Zoomposium 10: 28 October 2020

Watch Zoomposium 10 (password &^13w58E)


Dr Bernhard Schmidt, School of Chemistry

'Polymer Chemistry in Aqueous Environment and Polymer Hybrid Materials'

Polymers play an important role in everyday life with applications ranging from consumer plastics to biomedical technology. Research in polymer chemistry is relying increasingly on interdisciplinary collaborations to generate impact and address societal relevant applications. In the Schmidt group, various directions are investigated. On one hand, water-soluble polymers are investigated for phase separation behavior in aqueous environment with the target of biomedical applications. On the other hand, polymer hybrid materials are fabricated to combine the favorable processing properties of polymers with inorganic materials such as metal-organic frameworks and carbon nitride. These inorganic materials introduce new features like defined porosity or photocatalytic properties to polymers.

I am looking for collaborators, who are interested in polymer materials or need tailor made polymers for their applications.


Dr Miza Moreau, School of Geographical and Earth Sciences

'From particular to general: social and environmental prospects of small-scale appropriations of urban space'

Ambitious plans are being proposed to turn sidewalks into gardens and streets into bike highways to create more socially and environmentally just post-Covid cities.  These (and other) changes to the public realm should be made with a contextual understanding of physical space, activity patterns, and social implications. Studying urban form (morphology) in relation to how people appropriate space reveals unknown activities, needs, and possibilities for that space.  In my research on residential laneways, I have combined morphological analysis with ethnographic observations to examine under what conditions individual laneways were appropriated into valuable common spaces.  Identifying like conditions in other parts of the laneway network reveals possibilities for large scale changes.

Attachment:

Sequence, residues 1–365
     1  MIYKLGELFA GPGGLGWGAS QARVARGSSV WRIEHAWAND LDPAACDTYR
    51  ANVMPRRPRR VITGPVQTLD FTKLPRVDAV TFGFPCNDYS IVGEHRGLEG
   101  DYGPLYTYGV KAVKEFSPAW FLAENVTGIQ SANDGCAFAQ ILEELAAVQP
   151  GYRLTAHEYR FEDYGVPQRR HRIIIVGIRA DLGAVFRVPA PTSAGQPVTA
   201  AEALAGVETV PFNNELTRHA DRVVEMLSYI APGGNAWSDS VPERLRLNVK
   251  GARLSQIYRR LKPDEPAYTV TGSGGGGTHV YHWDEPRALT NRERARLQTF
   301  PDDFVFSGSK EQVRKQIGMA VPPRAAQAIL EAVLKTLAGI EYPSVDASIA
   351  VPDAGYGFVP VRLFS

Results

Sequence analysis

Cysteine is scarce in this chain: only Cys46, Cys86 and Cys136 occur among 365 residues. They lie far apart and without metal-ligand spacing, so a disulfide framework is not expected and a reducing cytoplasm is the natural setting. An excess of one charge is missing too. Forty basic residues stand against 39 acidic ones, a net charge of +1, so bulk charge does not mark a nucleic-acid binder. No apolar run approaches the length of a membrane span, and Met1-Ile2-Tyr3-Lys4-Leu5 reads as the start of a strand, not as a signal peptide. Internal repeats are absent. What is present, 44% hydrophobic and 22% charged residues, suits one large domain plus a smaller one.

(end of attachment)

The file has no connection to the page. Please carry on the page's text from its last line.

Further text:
Dr Oana Andrei, School of Computing Science

'Temporal Usage Analytics for Interactive Systems'

I am a Lecturer in the School of Computing Science and the Centre for Computing Science Education. My research expertise is in modelling complex systems as abstract mathematical entities amenable to a rigorous analysis of their properties. Currently my work focusses on data-driven formal methods for interactive systems: I am developing temporal usage analytics based on inferring software usage models from user-generated time-series and then characterising these models using probabilistic temporal logic properties and behavioural distances.
I am looking to collaborate with mathematicians to identify different types of probabilistic models useful to model an interactive system’s usage and with people who are interested in characterising and predicting usage behaviours from data streams. I have developed a recent interest in computational social science, human-computer interactions, human-robot interactions, and sensor systems.


First published: 28 October 2020